Austria’s integration minister has slammed the country’s national employment service for offering segregated courses to Middle Eastern immigrants. He said that the move undermined Austria’s fundamental values and sent the wrong message to newly-arrived immigrants.
The courses, run by The Austrian Public Employment Service (AMS), Austria’s equivalent of the Jobcentre, are designed to assess what skills asylum seekers arriving in the country have. They are conducted in a range of languages, mostly Russian, French, Arabic and Farsi.
But while the Russian and French language courses are mixed gender, the Arabic and Farsi courses have been split to provide male only and female only lessons, the Local has reported.
Integration Minister Sebastian Kurz said that, while the courses themselves were “meaningful and positive”, segregating the sexes for Middle Eastern immigrants was a “big mistake”.
“If we let this happen, it becomes harder later on to explain why this isn’t part of the culture here,” he said, adding that equality of the sexes is at the heart of Austrian culture and should not be undermined, especially when trying to integrate newcomers.
He believes the courses are a symptom of “misconceived tolerance,” warning that immigrants who do not adopt Austrian values face having their benefits cut.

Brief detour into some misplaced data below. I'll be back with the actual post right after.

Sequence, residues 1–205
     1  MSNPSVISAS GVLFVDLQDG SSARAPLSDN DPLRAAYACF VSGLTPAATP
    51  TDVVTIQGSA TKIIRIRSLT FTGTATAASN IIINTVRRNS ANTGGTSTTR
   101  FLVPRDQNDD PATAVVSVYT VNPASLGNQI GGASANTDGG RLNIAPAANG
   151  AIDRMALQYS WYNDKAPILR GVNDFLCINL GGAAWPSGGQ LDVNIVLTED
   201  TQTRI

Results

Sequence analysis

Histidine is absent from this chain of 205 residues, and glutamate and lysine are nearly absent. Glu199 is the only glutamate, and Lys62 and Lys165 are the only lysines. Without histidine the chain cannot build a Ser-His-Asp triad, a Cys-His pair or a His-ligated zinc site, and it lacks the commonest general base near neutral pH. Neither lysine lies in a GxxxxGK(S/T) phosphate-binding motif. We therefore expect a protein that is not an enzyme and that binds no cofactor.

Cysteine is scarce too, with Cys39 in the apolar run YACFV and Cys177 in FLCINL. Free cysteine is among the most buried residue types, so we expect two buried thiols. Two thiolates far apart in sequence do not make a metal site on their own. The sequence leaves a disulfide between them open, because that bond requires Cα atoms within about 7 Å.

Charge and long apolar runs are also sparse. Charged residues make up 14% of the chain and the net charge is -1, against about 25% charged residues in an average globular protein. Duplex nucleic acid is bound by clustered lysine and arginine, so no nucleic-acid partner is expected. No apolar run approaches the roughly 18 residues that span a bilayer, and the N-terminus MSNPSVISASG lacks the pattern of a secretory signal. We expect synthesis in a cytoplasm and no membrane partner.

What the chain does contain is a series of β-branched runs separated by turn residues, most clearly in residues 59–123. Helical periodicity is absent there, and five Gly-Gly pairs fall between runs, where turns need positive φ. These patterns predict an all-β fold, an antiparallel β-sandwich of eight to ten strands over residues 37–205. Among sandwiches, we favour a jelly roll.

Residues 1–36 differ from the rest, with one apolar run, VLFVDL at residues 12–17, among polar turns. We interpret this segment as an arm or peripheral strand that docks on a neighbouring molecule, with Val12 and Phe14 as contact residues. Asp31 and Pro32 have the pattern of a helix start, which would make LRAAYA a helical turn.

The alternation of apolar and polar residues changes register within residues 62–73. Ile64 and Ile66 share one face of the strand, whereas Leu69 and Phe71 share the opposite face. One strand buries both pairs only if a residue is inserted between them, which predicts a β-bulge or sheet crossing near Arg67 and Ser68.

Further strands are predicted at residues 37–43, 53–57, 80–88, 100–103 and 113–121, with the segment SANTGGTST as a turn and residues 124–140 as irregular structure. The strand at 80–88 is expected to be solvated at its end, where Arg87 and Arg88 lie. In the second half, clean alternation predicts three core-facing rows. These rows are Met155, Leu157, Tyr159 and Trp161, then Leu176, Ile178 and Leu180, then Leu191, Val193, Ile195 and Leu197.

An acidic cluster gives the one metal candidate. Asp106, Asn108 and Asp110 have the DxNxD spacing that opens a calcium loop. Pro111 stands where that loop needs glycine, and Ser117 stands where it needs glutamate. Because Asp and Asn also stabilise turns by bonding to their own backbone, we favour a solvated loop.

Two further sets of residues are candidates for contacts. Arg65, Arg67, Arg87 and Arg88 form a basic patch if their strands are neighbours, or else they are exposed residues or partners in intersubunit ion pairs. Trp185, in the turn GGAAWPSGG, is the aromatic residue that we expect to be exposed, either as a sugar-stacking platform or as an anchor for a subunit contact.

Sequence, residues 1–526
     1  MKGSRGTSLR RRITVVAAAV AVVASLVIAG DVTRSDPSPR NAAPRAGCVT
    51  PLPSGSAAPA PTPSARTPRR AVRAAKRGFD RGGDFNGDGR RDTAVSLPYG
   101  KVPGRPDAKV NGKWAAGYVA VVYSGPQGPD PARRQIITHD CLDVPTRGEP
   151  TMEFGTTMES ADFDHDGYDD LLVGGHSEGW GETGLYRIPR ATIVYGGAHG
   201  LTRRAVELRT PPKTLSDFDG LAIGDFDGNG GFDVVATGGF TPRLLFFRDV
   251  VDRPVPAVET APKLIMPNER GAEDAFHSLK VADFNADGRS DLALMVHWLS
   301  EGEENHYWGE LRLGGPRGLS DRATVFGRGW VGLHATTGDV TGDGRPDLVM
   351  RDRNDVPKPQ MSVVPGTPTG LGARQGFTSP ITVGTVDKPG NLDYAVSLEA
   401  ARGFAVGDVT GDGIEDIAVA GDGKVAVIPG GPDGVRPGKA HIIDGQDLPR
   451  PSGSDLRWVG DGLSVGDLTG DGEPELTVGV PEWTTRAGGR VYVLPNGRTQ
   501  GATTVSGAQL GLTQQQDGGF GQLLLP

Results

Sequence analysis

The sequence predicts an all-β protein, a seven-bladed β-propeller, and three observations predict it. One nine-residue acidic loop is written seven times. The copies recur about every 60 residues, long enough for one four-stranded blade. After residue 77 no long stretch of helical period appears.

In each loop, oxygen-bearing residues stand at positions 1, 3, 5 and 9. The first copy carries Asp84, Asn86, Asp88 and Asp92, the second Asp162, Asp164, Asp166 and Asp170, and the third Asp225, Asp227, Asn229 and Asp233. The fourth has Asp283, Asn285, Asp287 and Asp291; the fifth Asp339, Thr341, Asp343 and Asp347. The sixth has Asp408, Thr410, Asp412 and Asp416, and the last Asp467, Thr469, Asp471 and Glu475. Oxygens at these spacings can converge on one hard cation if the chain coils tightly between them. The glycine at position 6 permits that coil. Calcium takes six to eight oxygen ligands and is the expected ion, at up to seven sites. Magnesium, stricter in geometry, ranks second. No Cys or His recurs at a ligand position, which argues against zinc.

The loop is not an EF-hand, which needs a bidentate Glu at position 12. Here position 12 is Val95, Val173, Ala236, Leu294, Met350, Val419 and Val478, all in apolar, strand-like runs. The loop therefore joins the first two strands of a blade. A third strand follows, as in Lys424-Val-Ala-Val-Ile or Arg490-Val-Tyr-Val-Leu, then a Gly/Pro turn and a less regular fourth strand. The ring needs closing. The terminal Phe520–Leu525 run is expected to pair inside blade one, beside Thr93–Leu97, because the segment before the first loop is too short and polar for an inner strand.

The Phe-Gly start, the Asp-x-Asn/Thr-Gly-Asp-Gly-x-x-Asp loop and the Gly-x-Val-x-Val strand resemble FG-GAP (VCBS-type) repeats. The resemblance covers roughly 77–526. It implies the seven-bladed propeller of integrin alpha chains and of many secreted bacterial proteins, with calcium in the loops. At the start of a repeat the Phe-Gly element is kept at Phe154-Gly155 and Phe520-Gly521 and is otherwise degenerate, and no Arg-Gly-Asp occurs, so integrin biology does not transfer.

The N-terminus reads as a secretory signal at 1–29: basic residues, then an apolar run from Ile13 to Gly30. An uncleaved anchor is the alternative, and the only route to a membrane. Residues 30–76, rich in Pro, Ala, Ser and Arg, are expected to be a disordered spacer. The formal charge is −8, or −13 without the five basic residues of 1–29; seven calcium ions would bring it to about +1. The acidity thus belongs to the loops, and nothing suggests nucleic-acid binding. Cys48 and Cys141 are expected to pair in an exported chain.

However, AMS head Petra Draxl has defended the segregation, which she says is part of an “innovative project”. Speaking to ORF radio, she insisted that it made sense from the women’s point of view as women from the Middle East generally have very different work experience to men from the region. Splitting the sexes, she said allowed the course designers to set specific priorities for women.
“The group dynamics don’t work well together, when you’re mixing mechanics and electricians with teachers and nurses,” she said, adding that the male groups would still have female instructors.
And she denied that the decision had been prompted by men refusing to take the same courses as women, saying that to her knowledge that had never happened.
Commenting on the issue, Social Minister Rudolf Hundstorfer said that he thought segregated courses were acceptable at the beginning of the integration process, but that it “must be made very clear that life here is different.”
Austria registered around 20,000 recognised refugees as job seekers in October, roughly two thirds in Vienna.